Openstack Keystone – installation and overview

Today we will dive into OpenStack Keystone, the part of OpenStack that provides services like management of users, roles and projects, authentication and a service catalog to the other OpenStack components. We will first install Keystone and then take a closer look at each of these areas.

Installing Keystone

As in the previous lab, I have put together a couple of scripts that automatically install Keystone in a virtual environment. To run them, issue the following commands (assuming, of course, that you did go through the basic setup steps from the previous post to set up the environment)

pwd
# you should be in the directory into which 
# you did clone the repository
cd openstack-samples/Lab2
vagrant up
ansible-playbook -i hosts.ini site.yaml

While the scripts are running, let us discuss the installation steps. First, we need to prepare the database. Keystone uses its own database schema called (well, you might guess …) keystone that needs to be added to the MariaDB instance. We will also have to create a new database user keystone with the necessary privileges on the keystone database.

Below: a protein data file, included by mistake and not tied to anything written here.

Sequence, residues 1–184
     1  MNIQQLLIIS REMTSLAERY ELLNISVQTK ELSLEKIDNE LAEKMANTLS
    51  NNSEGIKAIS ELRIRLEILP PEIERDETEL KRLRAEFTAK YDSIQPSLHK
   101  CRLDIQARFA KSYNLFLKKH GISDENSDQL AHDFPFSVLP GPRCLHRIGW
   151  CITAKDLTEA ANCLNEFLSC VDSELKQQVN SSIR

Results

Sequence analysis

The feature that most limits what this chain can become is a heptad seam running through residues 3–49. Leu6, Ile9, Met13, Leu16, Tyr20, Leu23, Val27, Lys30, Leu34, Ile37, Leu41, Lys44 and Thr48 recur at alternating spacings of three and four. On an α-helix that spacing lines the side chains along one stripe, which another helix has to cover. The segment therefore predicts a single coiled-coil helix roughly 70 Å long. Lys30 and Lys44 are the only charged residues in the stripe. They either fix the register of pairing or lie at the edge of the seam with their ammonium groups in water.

Then, we install the Keystone packages via APT. This will put default configuration files into /etc/keystone which we need to adapt. Actually, there is only one change that we need to make at this point – we need to change the connection key to contain a proper connection string to reach our MariaDB with the database credentials just established.

Next, the keystone database needs to be created. To do this, we use the keystone-manage db_sync command that actually performs an upgrade of the Keystone DB schema to the latest version. We then again utilize the keystone-manage tool to create symmetric keys for the Fernet token mechanism and to encrypt credentials in the SQL backend.

Now we need to add a minimum set of domains, project and users to Keystone. Here, however, we face a chicken-and-egg problem. To be able to add a user, we need the authorization to do this, so we need a user, but there is no user yet.

There are two solutions to this problem. First, it is possible to define an admin token in the Keystone configuration file. When this token is used for a request, the entire authorization mechanism is bypassed, which we could use to create our initial admin user. This method, however, is a bit dangerous. The admin token is contained in the configuration file in clear text and never expires, so anyone who has access to the file can perform every action in Keystone and then OpenStack.